berlin

Katarina Zdjelar

Circus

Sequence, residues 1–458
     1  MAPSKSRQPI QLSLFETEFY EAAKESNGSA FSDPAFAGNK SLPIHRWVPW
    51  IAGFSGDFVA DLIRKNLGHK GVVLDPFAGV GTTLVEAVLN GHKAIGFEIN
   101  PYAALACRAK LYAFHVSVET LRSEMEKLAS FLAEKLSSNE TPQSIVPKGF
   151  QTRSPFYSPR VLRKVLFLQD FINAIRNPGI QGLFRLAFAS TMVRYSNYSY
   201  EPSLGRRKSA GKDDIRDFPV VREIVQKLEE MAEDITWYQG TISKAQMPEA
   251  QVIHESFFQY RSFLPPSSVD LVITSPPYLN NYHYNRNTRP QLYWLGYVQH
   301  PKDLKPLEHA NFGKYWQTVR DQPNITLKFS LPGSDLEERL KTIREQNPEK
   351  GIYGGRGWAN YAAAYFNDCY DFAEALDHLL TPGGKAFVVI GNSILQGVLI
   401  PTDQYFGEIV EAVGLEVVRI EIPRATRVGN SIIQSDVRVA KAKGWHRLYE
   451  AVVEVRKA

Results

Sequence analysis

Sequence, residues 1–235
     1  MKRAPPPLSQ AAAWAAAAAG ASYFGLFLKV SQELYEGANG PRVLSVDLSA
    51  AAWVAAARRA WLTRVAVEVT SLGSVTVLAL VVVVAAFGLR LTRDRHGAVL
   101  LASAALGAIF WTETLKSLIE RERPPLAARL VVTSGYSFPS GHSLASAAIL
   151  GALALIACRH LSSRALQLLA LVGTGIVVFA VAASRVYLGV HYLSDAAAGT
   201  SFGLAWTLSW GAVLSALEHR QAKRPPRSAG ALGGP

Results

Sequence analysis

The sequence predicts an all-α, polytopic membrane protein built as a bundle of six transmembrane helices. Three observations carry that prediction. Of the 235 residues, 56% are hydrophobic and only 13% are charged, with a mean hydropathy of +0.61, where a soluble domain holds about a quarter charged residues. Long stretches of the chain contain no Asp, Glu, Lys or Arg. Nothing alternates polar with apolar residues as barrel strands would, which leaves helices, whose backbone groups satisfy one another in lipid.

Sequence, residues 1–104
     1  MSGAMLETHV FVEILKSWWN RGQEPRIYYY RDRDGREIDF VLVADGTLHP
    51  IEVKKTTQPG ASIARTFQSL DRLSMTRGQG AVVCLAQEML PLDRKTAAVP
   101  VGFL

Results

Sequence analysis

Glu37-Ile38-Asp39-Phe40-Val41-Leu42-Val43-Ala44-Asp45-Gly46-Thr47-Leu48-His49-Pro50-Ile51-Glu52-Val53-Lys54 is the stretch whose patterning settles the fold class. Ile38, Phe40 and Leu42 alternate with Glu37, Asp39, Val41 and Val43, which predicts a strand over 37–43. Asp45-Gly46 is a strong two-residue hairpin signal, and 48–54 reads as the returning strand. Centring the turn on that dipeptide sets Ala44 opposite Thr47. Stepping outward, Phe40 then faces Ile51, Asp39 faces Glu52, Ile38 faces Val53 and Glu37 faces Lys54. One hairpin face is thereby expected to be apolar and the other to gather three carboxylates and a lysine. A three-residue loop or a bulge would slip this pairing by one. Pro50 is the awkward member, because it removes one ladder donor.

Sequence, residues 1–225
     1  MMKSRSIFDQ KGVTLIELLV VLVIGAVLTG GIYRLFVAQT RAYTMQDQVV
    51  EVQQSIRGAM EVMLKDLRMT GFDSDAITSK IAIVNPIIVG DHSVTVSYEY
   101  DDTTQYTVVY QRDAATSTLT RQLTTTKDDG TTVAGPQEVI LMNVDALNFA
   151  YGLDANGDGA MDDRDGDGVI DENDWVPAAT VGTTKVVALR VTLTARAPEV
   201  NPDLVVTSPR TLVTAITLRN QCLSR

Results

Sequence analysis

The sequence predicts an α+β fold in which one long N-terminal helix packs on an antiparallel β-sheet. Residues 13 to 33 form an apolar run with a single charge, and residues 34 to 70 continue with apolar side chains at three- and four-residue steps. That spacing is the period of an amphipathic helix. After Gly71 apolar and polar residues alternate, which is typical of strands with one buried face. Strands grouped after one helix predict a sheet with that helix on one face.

First comes the music. Even before the first images appear in Katarina Zdjelar’s seven-minute-long video Shoum, 2009, one of three works in her recent exhibition “One or Two Songs,” we hear the first measures of the 1984 Tears for Fears megahit “Shout.” And only afterward do the images arrive: We see an iPod, a sheet of paper, but above all hands, chapped hands with unkempt, dirty fingernails—the hands of hardworking men—holding pens. Over the course of the next seven minutes, two men—who, as the press release informs us come from Belgrade—attempt to decipher the lyrics of “Shout” as though they contained a coded message. This is in fact the case, considering that these two men speak no English. “Shoum Shoum Lajdi o Lau,” they write and sing, in a strange invented language somewhere between phonetic transcription, Serbian, and English, as Tears for Fears sing, “Shout, shout, let it all

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